Now that Marcus Stroman has been traded to the New York Mets, which player will the fan base pick on next? There always seems to be one player who gets it, and Stroman was routinely judged throughout his Blue Jays tenure.
We’ve been waiting for it to happen for a few months now and things finally came to a head on Sunday as the Blue Jays traded Marcus Stroman to the New York Mets.
It’s hard to say how good the package that the Bliue Jays received in return, but time will tell how bright the futures of Anthony Kay and Simeon Woods Richardson will be. While neither of the two pitchers ranks among the top 100 prospects in baseball at the moment, there are plenty of folks who think Woods-Richardson could be there next year, and that the 24-year-old Kay has a solid MLB future as well.
Now that the trade has be done, we could reminisce about Stroman’s tenure, and we’ve also done that on this site as well, but I want to talk about another topic that I’ve considered for as long as the former first-round pick was in a Blue Jays uniform.
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Why did the fan base pick on him so much? And, who are we/they going to target next?
I’m not going to suggest that the Blue Jays have a fan base that’s out to get their players, but it always feels like there is at least one or two divisive figures on the team at all times, as Stroman was far from the first controversial figure. To a lesser degree, I feel like Ryan Goins was always that guy while he was in Toronto, as some fans loved his blue-collar efforts while others called for his roster spot on a weekly basis.
The more prominent recent example would be Jose Bautista, who was as beloved and loathed as any Blue Jay over the last decade. Most of the fan base adored the home run machine, especially as one of the earliest building blocks of a team that returned to the playoffs after a more than 20-year absence. There were some folks that didn’t care for his attitude on the field at times, which brought frequent criticism from opponents, but also from some of our own.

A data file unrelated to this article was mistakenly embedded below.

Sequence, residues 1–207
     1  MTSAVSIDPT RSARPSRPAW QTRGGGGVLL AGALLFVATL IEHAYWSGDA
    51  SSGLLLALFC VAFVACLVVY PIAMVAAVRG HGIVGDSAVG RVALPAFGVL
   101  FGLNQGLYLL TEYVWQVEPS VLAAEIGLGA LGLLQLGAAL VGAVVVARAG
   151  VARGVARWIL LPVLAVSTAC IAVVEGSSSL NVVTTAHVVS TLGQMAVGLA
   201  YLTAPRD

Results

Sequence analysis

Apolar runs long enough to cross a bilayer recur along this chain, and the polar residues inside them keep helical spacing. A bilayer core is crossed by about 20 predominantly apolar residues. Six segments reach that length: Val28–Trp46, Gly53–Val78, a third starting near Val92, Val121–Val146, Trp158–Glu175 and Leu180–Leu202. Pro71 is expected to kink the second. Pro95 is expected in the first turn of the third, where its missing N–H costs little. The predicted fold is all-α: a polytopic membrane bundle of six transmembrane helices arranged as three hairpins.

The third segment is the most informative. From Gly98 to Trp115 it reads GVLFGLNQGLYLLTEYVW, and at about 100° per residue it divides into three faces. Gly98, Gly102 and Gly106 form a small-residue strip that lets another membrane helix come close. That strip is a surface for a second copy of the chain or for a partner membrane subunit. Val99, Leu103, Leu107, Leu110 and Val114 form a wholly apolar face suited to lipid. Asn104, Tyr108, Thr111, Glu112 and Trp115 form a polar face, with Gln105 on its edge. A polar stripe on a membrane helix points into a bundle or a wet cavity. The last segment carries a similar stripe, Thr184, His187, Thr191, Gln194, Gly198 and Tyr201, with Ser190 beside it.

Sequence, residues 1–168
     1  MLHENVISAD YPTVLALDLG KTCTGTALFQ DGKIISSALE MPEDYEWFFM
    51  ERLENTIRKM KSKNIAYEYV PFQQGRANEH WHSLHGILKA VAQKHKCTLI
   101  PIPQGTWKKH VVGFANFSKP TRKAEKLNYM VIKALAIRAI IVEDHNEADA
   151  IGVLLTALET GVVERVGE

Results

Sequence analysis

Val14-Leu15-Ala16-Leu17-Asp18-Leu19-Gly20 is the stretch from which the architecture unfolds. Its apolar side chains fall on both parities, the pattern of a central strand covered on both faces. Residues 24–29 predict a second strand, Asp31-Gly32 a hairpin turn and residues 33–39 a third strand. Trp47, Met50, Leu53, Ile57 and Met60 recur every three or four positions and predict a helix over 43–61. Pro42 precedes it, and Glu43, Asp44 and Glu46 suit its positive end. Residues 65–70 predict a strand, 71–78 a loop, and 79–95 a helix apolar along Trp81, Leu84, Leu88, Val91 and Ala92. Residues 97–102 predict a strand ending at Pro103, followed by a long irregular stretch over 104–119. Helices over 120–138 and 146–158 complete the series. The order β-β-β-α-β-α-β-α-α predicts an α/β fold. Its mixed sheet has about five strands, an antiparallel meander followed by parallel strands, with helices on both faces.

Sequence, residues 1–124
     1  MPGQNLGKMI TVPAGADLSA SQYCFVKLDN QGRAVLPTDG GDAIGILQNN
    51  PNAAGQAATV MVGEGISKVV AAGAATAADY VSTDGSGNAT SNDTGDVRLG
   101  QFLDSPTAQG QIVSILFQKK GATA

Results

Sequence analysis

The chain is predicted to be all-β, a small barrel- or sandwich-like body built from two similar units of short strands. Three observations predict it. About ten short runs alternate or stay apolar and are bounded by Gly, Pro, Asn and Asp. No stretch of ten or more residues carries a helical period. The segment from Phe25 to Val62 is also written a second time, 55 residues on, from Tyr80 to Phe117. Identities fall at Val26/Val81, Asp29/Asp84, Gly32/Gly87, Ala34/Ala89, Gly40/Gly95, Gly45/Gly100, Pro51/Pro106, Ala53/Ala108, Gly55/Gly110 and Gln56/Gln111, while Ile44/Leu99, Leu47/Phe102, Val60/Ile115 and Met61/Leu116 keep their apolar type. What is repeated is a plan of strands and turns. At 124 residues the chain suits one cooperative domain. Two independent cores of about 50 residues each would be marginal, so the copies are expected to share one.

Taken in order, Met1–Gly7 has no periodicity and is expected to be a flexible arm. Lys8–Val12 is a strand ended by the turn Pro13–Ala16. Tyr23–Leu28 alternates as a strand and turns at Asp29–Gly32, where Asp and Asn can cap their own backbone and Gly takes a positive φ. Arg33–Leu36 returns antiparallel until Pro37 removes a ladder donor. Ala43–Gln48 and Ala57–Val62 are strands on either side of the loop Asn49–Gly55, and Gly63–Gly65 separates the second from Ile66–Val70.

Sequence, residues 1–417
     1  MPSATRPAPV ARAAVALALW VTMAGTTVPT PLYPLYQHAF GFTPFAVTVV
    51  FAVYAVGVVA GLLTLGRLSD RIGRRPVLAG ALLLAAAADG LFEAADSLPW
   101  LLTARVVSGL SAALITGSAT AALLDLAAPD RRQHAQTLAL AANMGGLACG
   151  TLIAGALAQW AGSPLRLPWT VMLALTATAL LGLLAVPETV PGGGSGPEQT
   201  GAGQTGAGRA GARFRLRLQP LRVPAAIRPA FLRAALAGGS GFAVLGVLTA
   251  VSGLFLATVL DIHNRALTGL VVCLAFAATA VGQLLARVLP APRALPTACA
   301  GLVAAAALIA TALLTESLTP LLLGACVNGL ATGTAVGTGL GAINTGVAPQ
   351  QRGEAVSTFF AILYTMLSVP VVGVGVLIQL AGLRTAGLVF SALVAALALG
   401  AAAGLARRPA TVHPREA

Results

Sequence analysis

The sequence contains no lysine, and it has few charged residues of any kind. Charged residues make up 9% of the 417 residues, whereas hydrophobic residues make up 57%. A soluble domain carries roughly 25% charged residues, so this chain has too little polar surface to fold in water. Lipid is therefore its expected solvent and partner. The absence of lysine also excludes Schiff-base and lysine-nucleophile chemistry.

There’s no doubt that part of the whole thing revolves around the idea of “old school baseball”, and Stroman and Bautista, in particular, are players who have stepped outside of those parameters at times. Some people would have you believe that you’re not supposed to show much emotion on the field, whether you just struck out a key hitter to get out of a jam, or even if you hit a franchise-changing home run. I’m not one of those people, but I definitely know they exist after following this team on social media over the last several years.
Without Stroman on the roster, my guess is the most “expressive” players who will be part of the next generation could be very popular ones. Both Vladimir Guerrero Jr. and Lourdes Gurriel Jr., for example, have been known to show their emotions on the field, and I’ll be curious to see if some fans and writers turn their attention to a different target for their frustration now that Stroman is in a Mets’ uniform. You could argue that a strong performance would keep fans from targeting them too much, but that didn’t stop them from picking on Stroman.
I’ll admit that Stroman brought a lot of attention to himself with his presence on social media, and even with his #HDMH brand. I also wasn’t thrilled with the way he handled the trade rumours in recent weeks, but overall I’ve often like like the fan base picked on him unfairly, just as they/we often did with guys like Bautista before him. My hope is that with Stroman’s departure that hopefully that whole theme will go away.